NOT long after Elaine Brower graduated from culinary school, she and a male classmate applied for jobs as cooks at a popular Japanese restaurant here. ``They offered him $500 a week,'' Ms. Brower recalls, ``but he felt it wasn't enough. They only offered me $250. And he had less experience than I did.''
The incident gave Brower (who asked that her real name not be used) an early taste of the discrimination women still face in food service, a predominantly male field. In the three years since then she has also encountered sexual harassment, verbal abuse, and even physical injury when a male cook shoved her against a hot stove, burning her arm.
As more women seek careers in food preparation and management, experiences such as these are becoming more common. In a study of sex equality issues to be released later this winter by the Culinary Institute of America in Hyde Park, N.Y., female graduates of the school report ``blatant discrimination'' at all levels in the food-service industry. Disparities in salary, responsibility, and opportunity loom large as issues needing attention and solutions.
Discrepancies in men's and women's pay for the same work, respondents report, can range from $2 an hour to $15,000 a year.
In addition, men are often paid ``under the table'' in cash, above their hourly or yearly salaries.
During an interview in her tiny studio apartment on a day off, Brower talked about some of these inequities. With seven years of restaurant experience, she works as a cook at an upscale caf'e on New York's West Side and is responsible for Sunday brunch.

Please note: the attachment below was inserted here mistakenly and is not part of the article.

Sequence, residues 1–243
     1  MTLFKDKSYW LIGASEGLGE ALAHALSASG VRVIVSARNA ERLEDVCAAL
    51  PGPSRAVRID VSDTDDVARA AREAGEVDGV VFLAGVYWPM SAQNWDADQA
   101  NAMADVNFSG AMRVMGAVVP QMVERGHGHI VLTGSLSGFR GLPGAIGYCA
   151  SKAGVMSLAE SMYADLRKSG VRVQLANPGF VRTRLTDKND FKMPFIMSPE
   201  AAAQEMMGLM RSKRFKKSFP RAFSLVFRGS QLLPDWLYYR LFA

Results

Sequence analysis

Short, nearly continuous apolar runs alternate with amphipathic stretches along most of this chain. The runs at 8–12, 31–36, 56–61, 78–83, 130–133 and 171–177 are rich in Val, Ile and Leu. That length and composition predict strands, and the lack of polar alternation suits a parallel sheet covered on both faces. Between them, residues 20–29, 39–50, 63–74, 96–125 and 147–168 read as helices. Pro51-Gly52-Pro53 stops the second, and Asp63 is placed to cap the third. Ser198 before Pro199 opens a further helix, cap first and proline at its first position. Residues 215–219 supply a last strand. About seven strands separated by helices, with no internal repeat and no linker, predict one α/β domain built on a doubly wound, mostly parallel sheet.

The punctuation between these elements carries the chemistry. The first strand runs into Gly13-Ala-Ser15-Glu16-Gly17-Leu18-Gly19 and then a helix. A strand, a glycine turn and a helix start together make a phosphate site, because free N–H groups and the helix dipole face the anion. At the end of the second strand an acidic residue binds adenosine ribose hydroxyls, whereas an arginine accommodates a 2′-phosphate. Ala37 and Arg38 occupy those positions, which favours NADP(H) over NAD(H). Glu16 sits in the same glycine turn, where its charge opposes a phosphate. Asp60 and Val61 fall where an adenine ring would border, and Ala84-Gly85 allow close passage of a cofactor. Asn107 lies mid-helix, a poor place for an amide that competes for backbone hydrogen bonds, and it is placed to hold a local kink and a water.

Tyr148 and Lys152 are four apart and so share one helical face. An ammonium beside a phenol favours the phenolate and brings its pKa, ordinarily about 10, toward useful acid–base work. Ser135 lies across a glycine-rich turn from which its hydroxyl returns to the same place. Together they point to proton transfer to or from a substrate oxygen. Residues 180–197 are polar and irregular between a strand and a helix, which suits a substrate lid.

``I am making less than the men who were in charge of brunch before me,'' she says. ``One guy, not only did he not know how to make soup, but he would come to work high on cocaine, and late. He was making $15 an hour cash, and I'm making $10 an hour on the books.''
At 5 feet, 3 inches tall, Brower is keenly aware of another issue in the survey: women's size. Many men perceive women as less capable of performing kitchen duties because of their smaller stature.
``Men just assume that because you're petite you're not capable of handling the necessary briskness of the work, keeping things moving, and lifting heavy pots,'' says Dell Hargis, alumni director of the Culinary Institute and author of the study.
``They look at females as having low energy levels, as not able to work long hours and stand the heat of the kitchen.''